Poorly managed work forces- ‘The insidious death of your work place culture’
There has been much debate about the need for standardized staffing levels across the industry. Calls for minimum numbers of care staff, minimum skill sets, based on resident numbers. Generally it is accepted that staffing levels are too low in the current environment and pressures are applied to government to fix the problem. But I can see a far greater problem emerging, and more and more frequently we see the reactive and rapid shedding of staff hours in response to what is generally a short term anomaly in resident numbers or cash flow to pay wages.
Aged care is about providing care and support to increasingly dependent residents. This is our core business. So why is it that when a provider is faced with reduced occupancy that translates into reduced income and cash flow, that the first response is to reduce the numbers of hours available to provide care and services or our core business. Is it that suddenly the other residents know longer need support either?
Having managed many aged care facilities over time in many different environments I understand the need to balance the budget, and i have reduced staffing hours ( and increased them as well) as conditions change. But I have always taken a proactive and balanced approach to managing the changes.
I recognize that every time we cut hours we are destabilizing the work and service environment. We are impacting on the carefully planned routines of our residents, and impacting on the lives of our staff. Building partnerships with staff is a critical factor in developing and maintaining work place culture. Yet some providers have little regard or understanding of the long term effects of constantly playing with staff rosters or shift patterns.
The first impact is that staff become devalued, and will stop respecting and valuing the employer. Sick leave , absenteeism increases and staff turnover all increase.
The second impact is that residents are no longer provided with consistent and planned services. This leads to mistrust and worry within the residents and families groups. Residents can see the changes in staffing, they can see that the meals a delivered later and the dining experience is poor. They hear the staff complaining!
The third impact is loss of control at an organizational level. Organizations that start to make poorly thought through, rapid response changes to service delivery hours, ultimately end in a spiral of uncontrolled cultural change. So rather than saving money, costs increase in other areas such as agency use, recruitment and reputational costs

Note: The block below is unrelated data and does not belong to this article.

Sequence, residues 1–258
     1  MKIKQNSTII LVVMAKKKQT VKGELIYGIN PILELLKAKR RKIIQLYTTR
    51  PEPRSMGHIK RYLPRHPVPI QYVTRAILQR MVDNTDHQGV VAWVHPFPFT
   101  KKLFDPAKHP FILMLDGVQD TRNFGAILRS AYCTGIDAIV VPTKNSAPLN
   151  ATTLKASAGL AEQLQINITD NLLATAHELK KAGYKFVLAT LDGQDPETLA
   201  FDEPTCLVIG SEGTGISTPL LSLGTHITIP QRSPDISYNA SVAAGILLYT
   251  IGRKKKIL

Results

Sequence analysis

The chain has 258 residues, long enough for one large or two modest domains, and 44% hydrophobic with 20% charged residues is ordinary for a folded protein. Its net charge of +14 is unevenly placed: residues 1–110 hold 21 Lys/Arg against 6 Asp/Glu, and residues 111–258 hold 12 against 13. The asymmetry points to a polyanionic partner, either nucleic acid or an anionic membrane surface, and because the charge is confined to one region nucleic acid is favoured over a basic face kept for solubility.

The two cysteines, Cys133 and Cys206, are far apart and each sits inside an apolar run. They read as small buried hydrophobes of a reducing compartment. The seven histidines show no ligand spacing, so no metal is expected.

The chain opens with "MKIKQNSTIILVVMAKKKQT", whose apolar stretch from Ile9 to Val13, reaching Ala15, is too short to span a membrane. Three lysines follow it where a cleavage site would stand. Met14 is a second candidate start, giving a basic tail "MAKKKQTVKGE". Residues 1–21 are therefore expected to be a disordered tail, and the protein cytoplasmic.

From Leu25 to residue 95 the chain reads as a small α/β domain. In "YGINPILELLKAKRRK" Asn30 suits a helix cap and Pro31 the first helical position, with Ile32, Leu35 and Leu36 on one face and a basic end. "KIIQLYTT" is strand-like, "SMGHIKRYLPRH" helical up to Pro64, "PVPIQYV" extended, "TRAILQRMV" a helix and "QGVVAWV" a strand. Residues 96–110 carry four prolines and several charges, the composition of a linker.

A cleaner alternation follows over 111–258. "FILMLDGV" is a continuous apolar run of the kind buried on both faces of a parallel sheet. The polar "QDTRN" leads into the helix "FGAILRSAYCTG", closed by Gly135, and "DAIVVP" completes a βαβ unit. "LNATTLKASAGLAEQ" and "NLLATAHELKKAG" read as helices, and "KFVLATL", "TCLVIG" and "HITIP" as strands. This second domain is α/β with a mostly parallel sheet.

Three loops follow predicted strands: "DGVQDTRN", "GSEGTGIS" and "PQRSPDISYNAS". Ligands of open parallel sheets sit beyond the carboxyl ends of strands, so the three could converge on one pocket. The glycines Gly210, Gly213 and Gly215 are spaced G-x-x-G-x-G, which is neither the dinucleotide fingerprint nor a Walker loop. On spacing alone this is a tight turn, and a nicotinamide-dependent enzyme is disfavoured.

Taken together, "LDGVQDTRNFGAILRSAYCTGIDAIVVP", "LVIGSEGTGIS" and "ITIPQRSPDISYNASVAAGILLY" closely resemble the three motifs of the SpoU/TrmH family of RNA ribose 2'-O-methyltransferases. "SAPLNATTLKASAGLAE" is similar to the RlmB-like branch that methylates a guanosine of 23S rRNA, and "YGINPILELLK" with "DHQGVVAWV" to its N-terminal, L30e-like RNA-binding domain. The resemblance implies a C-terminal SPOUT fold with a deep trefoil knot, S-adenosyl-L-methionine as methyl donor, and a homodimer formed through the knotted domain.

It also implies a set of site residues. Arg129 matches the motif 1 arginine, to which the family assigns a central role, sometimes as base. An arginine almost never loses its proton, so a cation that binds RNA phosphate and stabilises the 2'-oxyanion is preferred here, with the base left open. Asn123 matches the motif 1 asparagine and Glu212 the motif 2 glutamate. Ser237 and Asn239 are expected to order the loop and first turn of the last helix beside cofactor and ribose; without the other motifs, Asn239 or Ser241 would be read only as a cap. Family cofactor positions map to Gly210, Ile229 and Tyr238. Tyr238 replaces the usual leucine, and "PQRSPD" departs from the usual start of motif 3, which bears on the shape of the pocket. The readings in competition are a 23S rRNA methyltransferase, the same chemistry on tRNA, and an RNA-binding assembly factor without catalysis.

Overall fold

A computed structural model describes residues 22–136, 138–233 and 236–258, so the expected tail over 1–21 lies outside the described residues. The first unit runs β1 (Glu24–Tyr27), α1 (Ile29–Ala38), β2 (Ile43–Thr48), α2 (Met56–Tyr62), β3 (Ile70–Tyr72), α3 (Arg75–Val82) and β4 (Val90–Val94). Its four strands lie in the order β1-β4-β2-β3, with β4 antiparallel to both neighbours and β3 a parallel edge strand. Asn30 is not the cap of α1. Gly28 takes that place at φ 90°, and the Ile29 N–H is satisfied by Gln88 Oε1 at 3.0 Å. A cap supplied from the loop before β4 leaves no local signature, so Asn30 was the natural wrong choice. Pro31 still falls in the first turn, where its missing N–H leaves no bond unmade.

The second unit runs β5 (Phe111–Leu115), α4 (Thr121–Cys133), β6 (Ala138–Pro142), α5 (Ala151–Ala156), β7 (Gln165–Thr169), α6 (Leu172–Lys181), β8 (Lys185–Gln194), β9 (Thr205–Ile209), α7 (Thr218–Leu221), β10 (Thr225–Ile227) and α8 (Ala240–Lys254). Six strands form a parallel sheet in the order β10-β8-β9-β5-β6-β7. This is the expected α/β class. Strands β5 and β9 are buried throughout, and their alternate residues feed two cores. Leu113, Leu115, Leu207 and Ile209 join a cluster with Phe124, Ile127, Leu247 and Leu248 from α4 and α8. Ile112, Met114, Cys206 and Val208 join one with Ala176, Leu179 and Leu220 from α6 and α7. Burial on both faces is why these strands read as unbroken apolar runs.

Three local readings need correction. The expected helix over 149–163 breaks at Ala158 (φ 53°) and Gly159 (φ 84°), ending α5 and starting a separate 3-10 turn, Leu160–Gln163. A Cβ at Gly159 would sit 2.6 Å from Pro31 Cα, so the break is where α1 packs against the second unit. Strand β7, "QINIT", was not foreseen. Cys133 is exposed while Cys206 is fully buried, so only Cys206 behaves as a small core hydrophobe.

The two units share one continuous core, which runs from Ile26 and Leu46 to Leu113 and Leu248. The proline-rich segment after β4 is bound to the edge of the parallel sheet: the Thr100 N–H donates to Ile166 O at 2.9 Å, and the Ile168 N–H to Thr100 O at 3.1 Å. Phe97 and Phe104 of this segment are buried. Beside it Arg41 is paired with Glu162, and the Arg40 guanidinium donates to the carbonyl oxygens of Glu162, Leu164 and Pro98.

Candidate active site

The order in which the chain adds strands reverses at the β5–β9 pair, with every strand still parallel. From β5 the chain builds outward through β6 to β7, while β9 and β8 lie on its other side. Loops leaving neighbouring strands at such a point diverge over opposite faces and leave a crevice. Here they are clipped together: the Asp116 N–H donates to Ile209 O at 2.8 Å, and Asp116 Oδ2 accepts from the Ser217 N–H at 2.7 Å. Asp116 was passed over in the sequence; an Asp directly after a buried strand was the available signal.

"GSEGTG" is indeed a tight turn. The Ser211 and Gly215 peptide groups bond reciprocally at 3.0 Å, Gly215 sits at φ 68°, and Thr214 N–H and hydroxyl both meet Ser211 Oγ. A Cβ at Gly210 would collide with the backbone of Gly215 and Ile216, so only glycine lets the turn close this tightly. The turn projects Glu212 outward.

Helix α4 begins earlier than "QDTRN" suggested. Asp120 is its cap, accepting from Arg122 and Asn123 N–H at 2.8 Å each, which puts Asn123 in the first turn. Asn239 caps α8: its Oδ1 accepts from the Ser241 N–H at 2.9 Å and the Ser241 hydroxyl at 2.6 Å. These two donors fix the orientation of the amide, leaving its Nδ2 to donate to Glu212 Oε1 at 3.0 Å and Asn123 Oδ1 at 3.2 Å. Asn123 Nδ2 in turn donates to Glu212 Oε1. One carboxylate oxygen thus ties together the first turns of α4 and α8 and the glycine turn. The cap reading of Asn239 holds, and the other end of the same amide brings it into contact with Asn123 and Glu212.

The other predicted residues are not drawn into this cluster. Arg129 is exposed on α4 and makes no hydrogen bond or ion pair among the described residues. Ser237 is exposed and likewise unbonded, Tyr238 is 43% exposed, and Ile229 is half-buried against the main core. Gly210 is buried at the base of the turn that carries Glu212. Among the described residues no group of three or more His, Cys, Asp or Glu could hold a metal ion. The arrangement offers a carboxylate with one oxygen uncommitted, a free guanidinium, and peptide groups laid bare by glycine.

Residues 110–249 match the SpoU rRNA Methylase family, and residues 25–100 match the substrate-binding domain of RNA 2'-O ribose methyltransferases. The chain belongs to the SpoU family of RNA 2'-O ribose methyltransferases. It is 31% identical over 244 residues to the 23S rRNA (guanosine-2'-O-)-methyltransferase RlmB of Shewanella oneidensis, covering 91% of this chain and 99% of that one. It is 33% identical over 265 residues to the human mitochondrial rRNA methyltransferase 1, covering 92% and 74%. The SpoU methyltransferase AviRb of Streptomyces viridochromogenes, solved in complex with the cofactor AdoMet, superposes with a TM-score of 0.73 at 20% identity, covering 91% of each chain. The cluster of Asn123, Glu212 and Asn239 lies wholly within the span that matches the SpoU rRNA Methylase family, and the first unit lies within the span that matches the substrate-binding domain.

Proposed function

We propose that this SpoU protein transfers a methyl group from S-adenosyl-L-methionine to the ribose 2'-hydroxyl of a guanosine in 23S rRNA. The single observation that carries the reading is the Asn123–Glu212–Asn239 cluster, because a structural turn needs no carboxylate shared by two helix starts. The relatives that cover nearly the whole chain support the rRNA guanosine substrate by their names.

So what are the opportunities to prevent the death of your culture. Firstly the “do nothing” opportunity should always be the first choice. If you have a down turn in occupancy, don’t just look at the vacancy, examine the changes in dependency of the remaining resident population and consider their needs. Do a financial plan for the next month and understand the risk ( if there is one), and manage the problem.
Secondly if there is there is a need to reduce hours, look at all operational services, not just care staff, after all this is our core business. There are other opportunities that will not impact on resident care, that can still reduce labor costs. I rarely see reductions in finance or HR, or administration, it is always care and hotel services that suffer. Care staff see this as well, and it does build high levels of resentment very quickly toward management.
Thirdly do not change work flow patterns, resident routines , or shift patterns that will impact on the more critical capacity to maintain complex care needs such as medication administration, wound care, or palliative care. Do not introduce short term staggered start or finish times, this leads to a breakdown in communication between staff, poor understanding of daily operational needs and can lead to utter chaos.
Finally, consult and discuss with staff, residents and families, do not dictate or make decisions in the absence of consultation. Your staff will often provide you with solutions that minimize the impact of reductions and if consulted and have an understanding of the broader issues are far more likely to support management, and develop trust, rahter than build resentment
Peter Vincent is Managing Director of Aged Care Management Australia and is an industry expert
As Managing Director of Aged Care Management Australia (ACMA), Peter has guided the growth of the business from it’s inception in 2006. Now as one of the sectors leading independent advisory services, ACMA continues to grow. We have recently moved into a new head office , sharing with our financial partners Henson Lloyd in Adelaide. We maintain a strong commitment to WA with our National Operations Manager, Quality and IT services based in Fremantle. We have introduced a new education and training portfolio that is already proving very popular with clients. Our clinical and advisory programs have been geared to meet the challenges of the new era in aged care.
Principal Consultant Peter Vincent acts as independent advisor to National Seniors Chief Advocate, Centre Alliance Senators and aged care providers nationally and is an active advisor with the Commonwealth Government’s national Rural and Aboriginal and Torres Strait Islander Aged Care Service Development Panel (SDAP). Peter has extensive experience working with Indigenous health and aged care services in remote and very remote regions in both residential and community services.